The common refrain is that banks create money ‘out of thin air’. This isn’t entirely true. The truth is that banks create credit on your good character…and then charge you for it!

Take this exchange from J.P Morgan’s testimony before the House Committee on Banking and Currency in December 1912:

Samuel Untermeyer: ‘Is not commercial credit based primarily upon money or property?

Morgan: ‘No, sir; the first thing is character.’

Untermeyer: ‘Before money or property?

Morgan: ‘Before money or anything else. Money cannot buy it.’

Can you see why banking is such a great business?

What is an appropriate return for a bank?

It costs nothing to manufacture money or create credit. The only thing it takes is your good character, which you bring to the table! And then you pay the bank for it for the next 30 years!

OK, it requires good judgement from the banker to decide the quality of someone’s character. At least, it used to. But now, with central banks ready to bail out banks that make too many bad loans, even this skill is redundant.

Why do you think Europe and America’s most powerful bankers conspired in the early 1900s to create the Federal Reserve? It was to ensure they had an emergency source of money (which the Fed could create out of thin air) when they got into trouble.

The creation of central banks ensured that banks could behave recklessly and still get rescued. Look at the multi-trillion dollar bailout afforded to Wall Street in 2008/09, while millions of families were turfed from their homes.

The creation of money/credit is not entirely cost free, though. Obviously, it requires significant investment to set up the infrastructure to make and administer loans. A bank should be able to generate an appropriate return on that investment.

What is an appropriate return?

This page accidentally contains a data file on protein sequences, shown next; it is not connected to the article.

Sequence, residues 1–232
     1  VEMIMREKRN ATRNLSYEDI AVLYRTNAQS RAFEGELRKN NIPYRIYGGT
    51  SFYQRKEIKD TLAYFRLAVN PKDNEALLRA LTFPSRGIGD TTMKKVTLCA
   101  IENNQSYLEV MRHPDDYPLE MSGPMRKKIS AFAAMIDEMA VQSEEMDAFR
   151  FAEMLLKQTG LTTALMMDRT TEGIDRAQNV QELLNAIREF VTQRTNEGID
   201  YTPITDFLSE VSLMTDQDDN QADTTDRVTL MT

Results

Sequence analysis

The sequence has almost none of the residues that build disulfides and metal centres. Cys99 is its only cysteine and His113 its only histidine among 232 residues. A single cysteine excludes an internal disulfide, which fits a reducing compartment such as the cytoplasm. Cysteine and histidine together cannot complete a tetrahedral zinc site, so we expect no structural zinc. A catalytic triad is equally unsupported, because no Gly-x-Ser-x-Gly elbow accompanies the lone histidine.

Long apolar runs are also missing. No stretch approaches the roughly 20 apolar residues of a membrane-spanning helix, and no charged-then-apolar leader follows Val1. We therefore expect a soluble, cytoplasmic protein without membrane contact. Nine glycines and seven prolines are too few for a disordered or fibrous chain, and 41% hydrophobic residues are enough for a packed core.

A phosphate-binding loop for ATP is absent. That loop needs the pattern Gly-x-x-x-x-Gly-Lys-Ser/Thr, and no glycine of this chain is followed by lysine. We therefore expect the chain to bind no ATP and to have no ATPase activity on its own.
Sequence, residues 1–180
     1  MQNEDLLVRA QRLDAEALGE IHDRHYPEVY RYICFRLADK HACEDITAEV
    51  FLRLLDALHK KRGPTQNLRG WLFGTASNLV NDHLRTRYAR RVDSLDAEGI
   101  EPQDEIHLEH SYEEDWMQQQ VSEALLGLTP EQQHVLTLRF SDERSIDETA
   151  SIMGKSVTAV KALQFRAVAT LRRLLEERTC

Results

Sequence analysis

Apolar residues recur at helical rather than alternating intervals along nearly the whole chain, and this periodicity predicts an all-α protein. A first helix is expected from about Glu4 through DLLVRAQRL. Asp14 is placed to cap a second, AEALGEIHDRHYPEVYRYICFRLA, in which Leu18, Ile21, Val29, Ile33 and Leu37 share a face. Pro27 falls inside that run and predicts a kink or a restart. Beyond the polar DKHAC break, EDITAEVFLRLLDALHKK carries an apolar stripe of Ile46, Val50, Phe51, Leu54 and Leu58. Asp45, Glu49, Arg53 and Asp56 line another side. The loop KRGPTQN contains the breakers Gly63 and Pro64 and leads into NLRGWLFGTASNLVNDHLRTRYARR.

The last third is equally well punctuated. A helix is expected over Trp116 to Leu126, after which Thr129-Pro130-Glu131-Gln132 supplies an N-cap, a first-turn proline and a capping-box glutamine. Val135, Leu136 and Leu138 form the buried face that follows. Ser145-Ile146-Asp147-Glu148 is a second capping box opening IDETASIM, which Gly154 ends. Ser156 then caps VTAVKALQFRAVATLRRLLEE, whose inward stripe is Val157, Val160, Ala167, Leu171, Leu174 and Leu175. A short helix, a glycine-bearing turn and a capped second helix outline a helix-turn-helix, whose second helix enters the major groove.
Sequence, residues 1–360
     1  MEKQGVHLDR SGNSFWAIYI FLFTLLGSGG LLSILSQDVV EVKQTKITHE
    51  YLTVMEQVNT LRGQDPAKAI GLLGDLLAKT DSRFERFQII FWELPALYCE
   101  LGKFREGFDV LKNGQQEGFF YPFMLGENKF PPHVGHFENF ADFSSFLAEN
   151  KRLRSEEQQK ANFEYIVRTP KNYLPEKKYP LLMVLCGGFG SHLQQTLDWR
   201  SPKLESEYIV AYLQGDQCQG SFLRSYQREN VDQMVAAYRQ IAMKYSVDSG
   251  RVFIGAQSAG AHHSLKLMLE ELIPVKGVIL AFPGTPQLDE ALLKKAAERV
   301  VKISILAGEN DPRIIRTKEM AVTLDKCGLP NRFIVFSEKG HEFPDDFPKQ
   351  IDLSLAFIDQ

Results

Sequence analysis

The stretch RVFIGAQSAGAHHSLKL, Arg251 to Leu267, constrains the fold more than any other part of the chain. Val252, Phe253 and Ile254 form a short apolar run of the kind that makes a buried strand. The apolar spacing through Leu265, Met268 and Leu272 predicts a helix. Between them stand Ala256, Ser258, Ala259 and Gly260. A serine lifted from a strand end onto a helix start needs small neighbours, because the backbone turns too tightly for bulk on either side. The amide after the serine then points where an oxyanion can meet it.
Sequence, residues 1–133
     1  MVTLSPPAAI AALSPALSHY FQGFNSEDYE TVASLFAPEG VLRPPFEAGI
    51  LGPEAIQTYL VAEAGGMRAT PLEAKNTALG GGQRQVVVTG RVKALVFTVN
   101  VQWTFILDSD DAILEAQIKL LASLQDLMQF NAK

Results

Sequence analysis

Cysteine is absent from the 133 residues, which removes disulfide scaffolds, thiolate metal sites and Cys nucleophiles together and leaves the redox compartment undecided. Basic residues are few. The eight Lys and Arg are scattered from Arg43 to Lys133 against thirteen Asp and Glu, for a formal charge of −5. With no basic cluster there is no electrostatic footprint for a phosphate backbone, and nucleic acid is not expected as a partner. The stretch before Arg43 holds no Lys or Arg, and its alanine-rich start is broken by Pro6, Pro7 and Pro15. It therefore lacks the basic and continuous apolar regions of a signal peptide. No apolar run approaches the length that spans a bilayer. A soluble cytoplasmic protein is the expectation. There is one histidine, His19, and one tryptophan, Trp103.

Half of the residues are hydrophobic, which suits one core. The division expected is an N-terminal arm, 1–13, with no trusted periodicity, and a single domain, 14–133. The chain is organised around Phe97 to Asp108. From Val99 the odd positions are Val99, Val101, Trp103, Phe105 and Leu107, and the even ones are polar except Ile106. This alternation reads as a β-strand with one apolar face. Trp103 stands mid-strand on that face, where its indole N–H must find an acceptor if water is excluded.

In a highly efficient and competitive market, it should be something just above a banks’ cost of capital. For Australian banks, a rough estimate for the cost of equity capital would be around 7–8%. Banks therefore should earn closer to 8–9% returns on equity.

I say that because they’re not manufacturing anything. There’s no high tech R&D involved in maintaining or improving their product. Banks simply create and administer a commodity, albeit one that has a theoretical infinite supply. When returns exceed the cost of capital by too much, a healthy market should ensure these excess returns are competed away.

But that doesn’t happen. The banking system is a protected species — an effective cartel. The Commonwealth Bank of Australia Ltd [ASX:CBA] generates a return on equity (ROE) of over 14%. At the height of it’s profitability back in 2011/12, it generated a ROE over 20%! All for monetising your good character!

The banking system needs to open to competition, or be regulated as utilities providing a public service. And that service is the administering of money flows created on nothing but individual character or business reputation.

Of course, that will never happen. When you have the ability to create money you can stuff it in the pockets of those whose job it is to oversee your conduct.

The fox really is in charge of the henhouse. And they’re eating very well indeed.


Greg Canavan,
Editor, Crisis & Opportunity

PS: Population growth is booming — find out how you can make the most of a massive global infrastructure rush in this free report. Get access now.

About Greg Canavan

Greg Canavan is a Feature Editor at Money Morning and Head of Research at Fat Tail Investment Research.

He likes to promote a seemingly weird investment philosophy based on the old adage that ‘ignorance is bliss’.